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Articles Related to Jaynes's Bicameral Mind Theory

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Studies of Hallucinations and Visions in Pre-Literate Tribal Peoples

In his theory, Julian Jaynes describes the role hallucinations played in an earlier mentality, prior to the development of subjective consciousness. Based on Jaynes's theory, it could be predicted that hallucinations and visions could be found among pre-literate tribal peoples. This was documented in early anthropological studies of the late nineteenth and early twentieth centuries (see, for example, Primitive Mentality by Levy-Bruhl), and has since been been confirmed by more recent studies. Below is a small sample of research supporting this aspect of Jaynes's theory:

The Illusion of Reality or the Reality of Illusion. Hallucinations and Culture
Al-Issa, Ihsan. The British Journal of Psychiatry, 1995, 166: 368-373.
The aim of this review is to integrate research findings on the role of sociocultural factors in hallucinations and to relate these factors to current psychological theory and research. METHOD. The literature was surveyed by manual search, and the more reliable studies selected for the review. RESULTS. One hundred and thirteen publications were scrutinised and 30 of them were included in this review. CONCLUSIONS. Cross-cultural concepts of reality are related to the development and the threshold of hallucinations. Attitudes toward hallucinations tend to affect the emotional reaction to, and the degree of control of, these experiences. Awareness of these attitudes may help the diagnostician to distinguish between pathological and culturally sanctioned hallucinations. It is important that therapists consider the functional significance and meaning of hallucinations as well as the social context and the stimuli associated with them.

Stranger in A Strange Land (The Bicameral Mind in Africa)
Buchan, T. Zambezia, 1980, VIII (ii).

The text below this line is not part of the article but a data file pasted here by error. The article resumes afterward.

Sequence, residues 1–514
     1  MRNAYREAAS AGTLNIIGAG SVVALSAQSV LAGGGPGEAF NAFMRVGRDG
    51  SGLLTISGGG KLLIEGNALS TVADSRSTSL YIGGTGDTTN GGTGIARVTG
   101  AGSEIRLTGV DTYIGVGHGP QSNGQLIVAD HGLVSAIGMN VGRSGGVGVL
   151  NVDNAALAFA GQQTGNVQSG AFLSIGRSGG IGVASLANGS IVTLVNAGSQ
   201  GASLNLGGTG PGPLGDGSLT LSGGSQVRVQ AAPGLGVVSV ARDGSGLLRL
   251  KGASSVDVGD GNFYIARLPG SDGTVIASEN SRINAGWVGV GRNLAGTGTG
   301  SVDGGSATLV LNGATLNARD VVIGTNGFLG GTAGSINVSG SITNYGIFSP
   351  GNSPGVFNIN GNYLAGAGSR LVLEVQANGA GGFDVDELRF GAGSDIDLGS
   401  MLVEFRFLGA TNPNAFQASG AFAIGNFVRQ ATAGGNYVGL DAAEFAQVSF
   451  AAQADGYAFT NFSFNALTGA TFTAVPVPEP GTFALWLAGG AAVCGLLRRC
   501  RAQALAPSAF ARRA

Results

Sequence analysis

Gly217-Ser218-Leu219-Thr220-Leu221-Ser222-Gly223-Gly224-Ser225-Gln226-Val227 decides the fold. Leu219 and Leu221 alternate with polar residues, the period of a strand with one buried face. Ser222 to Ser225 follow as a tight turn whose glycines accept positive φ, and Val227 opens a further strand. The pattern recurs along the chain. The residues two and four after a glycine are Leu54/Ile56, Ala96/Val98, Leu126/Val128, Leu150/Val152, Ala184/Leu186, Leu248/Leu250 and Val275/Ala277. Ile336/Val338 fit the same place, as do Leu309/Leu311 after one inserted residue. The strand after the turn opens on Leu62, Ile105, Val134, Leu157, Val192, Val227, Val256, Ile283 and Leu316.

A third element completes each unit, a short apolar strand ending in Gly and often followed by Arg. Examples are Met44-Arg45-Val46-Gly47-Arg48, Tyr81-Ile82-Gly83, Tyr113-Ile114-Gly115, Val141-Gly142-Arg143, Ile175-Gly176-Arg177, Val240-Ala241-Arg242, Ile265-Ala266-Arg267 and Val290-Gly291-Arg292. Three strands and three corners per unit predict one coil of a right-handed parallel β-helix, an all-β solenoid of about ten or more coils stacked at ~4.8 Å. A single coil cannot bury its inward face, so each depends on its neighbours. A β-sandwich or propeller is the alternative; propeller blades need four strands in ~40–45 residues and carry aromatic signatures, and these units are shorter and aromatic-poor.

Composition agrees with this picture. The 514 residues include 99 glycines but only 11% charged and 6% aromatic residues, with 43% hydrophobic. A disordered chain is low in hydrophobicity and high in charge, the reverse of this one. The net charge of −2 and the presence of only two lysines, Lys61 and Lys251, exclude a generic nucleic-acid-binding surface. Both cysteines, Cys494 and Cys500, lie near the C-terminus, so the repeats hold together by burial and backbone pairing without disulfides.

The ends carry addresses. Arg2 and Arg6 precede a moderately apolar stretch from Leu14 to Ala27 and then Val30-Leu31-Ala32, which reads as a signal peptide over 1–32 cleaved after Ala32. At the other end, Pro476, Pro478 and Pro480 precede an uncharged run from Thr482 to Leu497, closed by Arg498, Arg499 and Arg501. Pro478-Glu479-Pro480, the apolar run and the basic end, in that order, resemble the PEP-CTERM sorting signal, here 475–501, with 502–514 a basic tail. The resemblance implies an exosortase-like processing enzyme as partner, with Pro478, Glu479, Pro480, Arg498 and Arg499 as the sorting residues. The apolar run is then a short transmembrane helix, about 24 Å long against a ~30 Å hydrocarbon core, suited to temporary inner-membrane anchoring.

The title of my lecture is taken from Robert Heinlein's award-winning novel (Heinlein, 1965). The principal character is a human being called Smith who, having been orphaned in a space-ship disaster, is raised from birth in a Martian society. Returning to earth for the first time in adult life, he finds himself in a culture which, whilst it is recognizably human, is bewilderingly alien and incomprehensible. A White psychiatrist practising among Black patients in Africa finds himself in a somewhat similar predicament, but without Smith's capacity for total comprehension which he calls 'grokking'. Fortunately many major psychotic illnesses manifest substantially similar clinical features and respond to treatment in much the same way, but in areas such as neurotic illness and personality disorder in which cultural factors are important in causation, the situation is much more difficult (Buchan and Chikara, 1980). Some headway can be made by placing an increased reliance on the perception of the universal non-verbal cues of emotional state, and on the patient disentangling of the relevant mores. Many valuable studies in this kind of transcultural psychiatry have been undertaken by workers such as Ari Kiev(1972), Swift and Asuni( 1975) and Carothers( 1953), but one often longs for the flashing conceptual insight of a Jung or a Freud to illuminate the way ahead. In this respect, it seems likely that the concept of the 'bicameral mind' advanced by Julian Jaynes will prove to be an insight of considerable significance (Jaynes, 1979).

Concepts of Mental Illness Amongst the Rural Xhosa People in South Africa
Cheetham, R.W.S and R.J. Cheetham. TAustralian and New Zealand Journal of Psychiatry, 1976, 10 (1): 39-45.